The Republic of Ireland’s chances of Euro 2012 success will hinge on whether they can penetrate, and not simply frustrate, their more illustrious group opponents.
Up against three of the world’s top 12 sides, coach Giovanni Trapattoni’s resolute and hardworking charges, drawn mainly from the English Premier League’s less-fashionable clubs, will be favorites to prop up Group C, but the experienced Italian has built a tough team since taking charge three years ago and he has lost only once in the last two major championship qualification campaigns — a record bettered only by Germany and two of Ireland’s group rivals, Spain and Italy.
Their other Group C opponents Croatia, who they face in their opening game in Poznan on Sunday, played in Dublin in a friendly in August last year. Like many talented teams before them, they could only draw.
That stalemate marked the second unbeaten game in a run that now stretches to 14 and in which Ireland, appearing in their first major tournament for a decade, have conceded just four times.
Marshalled at the back by veteran goalkeeper Shay Given and Aston Villa teammate, centerback Richard Dunne, Ireland are led by captain and record goal-scorer Robbie Keane.
Yet Keane’s consistent strike-rate, complemented by the still dangerous play of Damien Duff on the wing, cannot conceal that Ireland will be among the least creative sides at the finals. Hampered by an ordinary center midfield partnership in Stoke City’s Glenn Whelan and West Bromwich Albion’s Keith Andrews, Ireland go long periods without threatening in the final third.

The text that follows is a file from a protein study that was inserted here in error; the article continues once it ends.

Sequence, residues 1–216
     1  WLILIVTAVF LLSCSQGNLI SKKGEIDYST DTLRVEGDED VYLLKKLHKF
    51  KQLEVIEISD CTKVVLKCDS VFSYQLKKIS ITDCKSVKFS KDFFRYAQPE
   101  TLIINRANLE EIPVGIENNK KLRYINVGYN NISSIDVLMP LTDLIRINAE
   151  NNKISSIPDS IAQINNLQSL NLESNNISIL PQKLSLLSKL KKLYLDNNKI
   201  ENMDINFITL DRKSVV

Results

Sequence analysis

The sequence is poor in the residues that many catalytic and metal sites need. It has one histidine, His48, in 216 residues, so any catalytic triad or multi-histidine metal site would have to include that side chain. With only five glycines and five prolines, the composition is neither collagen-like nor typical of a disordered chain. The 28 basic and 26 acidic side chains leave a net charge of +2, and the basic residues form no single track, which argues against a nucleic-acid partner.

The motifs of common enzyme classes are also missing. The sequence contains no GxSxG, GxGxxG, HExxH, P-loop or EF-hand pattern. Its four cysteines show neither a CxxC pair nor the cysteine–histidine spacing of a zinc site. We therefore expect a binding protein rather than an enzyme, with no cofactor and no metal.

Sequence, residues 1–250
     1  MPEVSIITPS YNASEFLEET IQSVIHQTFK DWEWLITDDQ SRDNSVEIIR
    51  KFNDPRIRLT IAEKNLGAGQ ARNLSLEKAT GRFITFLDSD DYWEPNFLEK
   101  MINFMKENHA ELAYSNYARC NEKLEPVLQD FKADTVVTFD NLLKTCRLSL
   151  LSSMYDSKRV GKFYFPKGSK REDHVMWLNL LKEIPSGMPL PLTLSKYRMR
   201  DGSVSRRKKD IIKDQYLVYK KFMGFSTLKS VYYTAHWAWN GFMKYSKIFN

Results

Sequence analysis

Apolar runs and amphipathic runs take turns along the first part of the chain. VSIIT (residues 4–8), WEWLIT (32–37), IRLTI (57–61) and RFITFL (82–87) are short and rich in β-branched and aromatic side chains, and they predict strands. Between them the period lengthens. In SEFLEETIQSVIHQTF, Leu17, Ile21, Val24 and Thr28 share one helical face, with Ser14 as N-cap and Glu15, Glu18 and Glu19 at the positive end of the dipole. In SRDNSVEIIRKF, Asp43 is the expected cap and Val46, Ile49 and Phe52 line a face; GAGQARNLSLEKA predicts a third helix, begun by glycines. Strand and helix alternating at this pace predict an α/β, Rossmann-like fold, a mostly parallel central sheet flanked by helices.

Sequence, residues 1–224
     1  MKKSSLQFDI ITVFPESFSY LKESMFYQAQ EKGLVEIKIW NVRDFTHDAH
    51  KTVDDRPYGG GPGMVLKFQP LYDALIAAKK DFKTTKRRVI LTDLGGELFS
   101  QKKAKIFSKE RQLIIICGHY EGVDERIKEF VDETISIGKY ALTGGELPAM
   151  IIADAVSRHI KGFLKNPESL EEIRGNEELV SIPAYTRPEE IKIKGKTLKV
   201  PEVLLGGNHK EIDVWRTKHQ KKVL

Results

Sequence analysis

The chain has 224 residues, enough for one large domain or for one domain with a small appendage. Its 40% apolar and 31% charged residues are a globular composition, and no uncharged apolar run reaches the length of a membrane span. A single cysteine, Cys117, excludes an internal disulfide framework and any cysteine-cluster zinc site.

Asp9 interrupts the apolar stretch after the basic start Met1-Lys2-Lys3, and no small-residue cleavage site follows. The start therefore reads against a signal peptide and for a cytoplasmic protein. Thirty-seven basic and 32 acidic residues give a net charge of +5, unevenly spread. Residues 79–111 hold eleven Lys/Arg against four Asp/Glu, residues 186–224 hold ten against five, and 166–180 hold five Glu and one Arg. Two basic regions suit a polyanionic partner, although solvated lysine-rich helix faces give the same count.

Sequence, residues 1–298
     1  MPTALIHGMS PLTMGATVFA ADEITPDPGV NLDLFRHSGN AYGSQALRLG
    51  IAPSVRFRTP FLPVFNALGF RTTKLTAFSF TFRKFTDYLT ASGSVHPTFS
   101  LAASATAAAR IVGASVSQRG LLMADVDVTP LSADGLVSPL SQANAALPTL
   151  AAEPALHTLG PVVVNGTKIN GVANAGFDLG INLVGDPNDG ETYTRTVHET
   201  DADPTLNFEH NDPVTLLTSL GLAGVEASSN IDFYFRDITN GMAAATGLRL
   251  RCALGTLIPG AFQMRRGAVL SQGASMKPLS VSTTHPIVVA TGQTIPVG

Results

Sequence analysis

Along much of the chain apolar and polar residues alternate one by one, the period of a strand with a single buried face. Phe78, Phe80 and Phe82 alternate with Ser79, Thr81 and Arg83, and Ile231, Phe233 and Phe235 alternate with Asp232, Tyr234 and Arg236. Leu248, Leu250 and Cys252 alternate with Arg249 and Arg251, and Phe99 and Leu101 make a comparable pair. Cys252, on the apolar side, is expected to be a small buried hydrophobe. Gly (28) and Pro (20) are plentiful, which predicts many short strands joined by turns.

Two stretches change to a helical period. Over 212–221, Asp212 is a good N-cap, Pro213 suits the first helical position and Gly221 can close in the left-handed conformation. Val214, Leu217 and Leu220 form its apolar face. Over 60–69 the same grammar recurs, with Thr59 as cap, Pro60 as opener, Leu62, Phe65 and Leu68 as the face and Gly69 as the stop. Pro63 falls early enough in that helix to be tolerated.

That soft center can leave them liable to being overrun on occasion as Russia found out when they raced to a 3-0 lead inside 50 minutes in Dublin at the start of the last campaign, although Ireland did later score twice.
That was their only defeat in their 10 qualifiers, which set them up for a playoff against Estonia, who they duly dispatched 5-1 on aggregate to reach the finals.
Ireland have also struggled to beat higher-ranked teams under Trapattoni. Despite finishing ahead of Bulgaria and Slovakia in World Cup 2010 and Euro 2012 qualifying, they were unable to beat either at home or away.
No team has ever reached the knockout stages of the European Championships on draws alone, so Ireland are likely to need at least one victory to make progress.
The reality is, even with Trapattoni’s influence, that will hard to achieve, especially against the world champions and his own countrymen.
Still, Ireland are more resolute and self-confident than they used to be, as evidenced by their 0-0 draw in Moscow in the qualifiers and the emphatic way they beat Estonia 4-0 in the first leg of their playoff.
Whether those qualities will be enough to see them through, though, is another matter.